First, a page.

Having reached multi-year lows last week, this week's 17k rise to 283k (albeit noise), missing expectations for the first time in 6 weeks, is the biggest weekly rise in initial jobless claims since early August. Of course that's irrelevant as all the time there is no hiring, there is no firing and the 4-week average (less noisy) dropped to its lowest since May 2000 - though we are sure Fed heads will not be reassured by this data as they focus attention on inflationary expectations (having 'fixed' employment). Continuing Claims dropped to cycle lows - the lowest since Dec 2000.
Saudi Arabia, it appears, had enough of shooting itself in the foot for its American 'partners', and has admitted for the first time that it slashed supply in September. As Bloomberg reports, OPEC’s biggest producer cut supply to mkt by 328k b/d in September to 9.36m b/d, from 9.688m b/d in August, according to a person with knowledge of Saudi Arabia’s oil policy. Prices in September were flat admit this supply cut which suggests along with the build in EIA inventories seen yesterday that Saudi Arabia may have also been forced by global demand weakness to cut supply through October also.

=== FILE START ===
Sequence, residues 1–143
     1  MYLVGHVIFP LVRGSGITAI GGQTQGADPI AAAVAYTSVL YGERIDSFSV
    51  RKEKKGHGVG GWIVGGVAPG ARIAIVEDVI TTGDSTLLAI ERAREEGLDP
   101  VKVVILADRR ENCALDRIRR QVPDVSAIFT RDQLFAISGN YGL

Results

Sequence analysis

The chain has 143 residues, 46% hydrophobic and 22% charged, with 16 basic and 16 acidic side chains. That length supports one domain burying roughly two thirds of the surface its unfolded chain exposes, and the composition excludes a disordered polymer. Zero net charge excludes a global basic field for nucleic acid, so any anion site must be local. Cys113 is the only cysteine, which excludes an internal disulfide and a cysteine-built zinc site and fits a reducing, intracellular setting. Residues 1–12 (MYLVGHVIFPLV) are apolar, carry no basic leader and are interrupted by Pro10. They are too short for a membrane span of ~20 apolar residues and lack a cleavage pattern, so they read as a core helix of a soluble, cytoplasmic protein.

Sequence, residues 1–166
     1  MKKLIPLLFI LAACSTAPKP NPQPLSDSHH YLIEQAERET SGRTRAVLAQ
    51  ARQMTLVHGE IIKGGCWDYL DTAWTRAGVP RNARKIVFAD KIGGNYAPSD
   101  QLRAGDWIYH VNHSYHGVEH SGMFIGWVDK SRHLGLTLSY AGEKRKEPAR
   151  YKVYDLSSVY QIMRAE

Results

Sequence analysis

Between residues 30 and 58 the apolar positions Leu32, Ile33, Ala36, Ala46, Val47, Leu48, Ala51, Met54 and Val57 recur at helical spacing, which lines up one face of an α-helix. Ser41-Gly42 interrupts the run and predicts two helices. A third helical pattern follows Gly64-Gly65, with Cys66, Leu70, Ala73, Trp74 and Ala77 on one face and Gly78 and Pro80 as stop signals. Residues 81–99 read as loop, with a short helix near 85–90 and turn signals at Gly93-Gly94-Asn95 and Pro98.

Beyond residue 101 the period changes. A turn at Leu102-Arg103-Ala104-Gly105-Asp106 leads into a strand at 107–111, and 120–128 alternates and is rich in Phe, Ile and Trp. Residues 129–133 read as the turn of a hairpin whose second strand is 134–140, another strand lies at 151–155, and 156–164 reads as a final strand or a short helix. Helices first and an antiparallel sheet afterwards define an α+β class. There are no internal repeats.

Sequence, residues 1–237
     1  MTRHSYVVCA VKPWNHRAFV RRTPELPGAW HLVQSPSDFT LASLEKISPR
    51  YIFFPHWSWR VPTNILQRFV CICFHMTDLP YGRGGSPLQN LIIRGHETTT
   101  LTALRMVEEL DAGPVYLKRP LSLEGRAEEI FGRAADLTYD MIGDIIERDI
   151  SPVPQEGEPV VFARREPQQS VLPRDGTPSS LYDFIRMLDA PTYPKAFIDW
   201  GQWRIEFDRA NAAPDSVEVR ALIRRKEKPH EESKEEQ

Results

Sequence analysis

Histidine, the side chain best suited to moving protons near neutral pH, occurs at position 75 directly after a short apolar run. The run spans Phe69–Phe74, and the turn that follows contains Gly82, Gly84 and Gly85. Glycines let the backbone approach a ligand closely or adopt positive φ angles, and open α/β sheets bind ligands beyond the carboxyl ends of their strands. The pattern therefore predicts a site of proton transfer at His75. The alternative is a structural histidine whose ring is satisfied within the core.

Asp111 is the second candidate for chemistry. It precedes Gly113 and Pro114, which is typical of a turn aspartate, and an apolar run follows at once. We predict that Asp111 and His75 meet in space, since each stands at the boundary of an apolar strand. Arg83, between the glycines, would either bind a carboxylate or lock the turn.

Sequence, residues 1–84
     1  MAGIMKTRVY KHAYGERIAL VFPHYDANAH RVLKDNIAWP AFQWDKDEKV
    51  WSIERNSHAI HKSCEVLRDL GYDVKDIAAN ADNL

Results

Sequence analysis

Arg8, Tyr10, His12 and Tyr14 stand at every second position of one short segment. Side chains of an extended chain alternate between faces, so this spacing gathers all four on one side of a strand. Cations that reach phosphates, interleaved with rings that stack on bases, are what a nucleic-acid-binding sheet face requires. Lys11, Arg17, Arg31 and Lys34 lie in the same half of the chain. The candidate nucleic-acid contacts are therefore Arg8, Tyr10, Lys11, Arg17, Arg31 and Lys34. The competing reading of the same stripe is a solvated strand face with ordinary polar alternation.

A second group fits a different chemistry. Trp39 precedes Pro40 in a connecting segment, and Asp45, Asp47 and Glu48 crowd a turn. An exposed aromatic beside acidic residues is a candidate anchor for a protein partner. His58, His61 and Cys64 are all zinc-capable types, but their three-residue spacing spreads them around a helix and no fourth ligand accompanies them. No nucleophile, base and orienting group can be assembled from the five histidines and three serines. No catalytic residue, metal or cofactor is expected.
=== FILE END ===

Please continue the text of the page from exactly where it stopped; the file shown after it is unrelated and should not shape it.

Moments ago, CAT, which is a major DJIA component, just reported blowaway EPS of $1.72, far above the $1.35 expected. How did it achieve this stunning number which has pushed DJIA futures higher by almost half a percent? Simple: first there was the usual exclusions, with "restructuring costs" adding back some $0.09 to the bottom line number. But the punchline was this: "In addition to the profit improvement, we have a strong balance sheet and through the first nine months of the year, we've had good cash flow. So far this year, we've returned value to our stockholders by repurchasing $4.2 billion of Caterpillar stock and raising our quarterly dividend by 17 percent," Oberhelman said." And here is just how the surge in buyback activity looked in comparison to Q3 2013...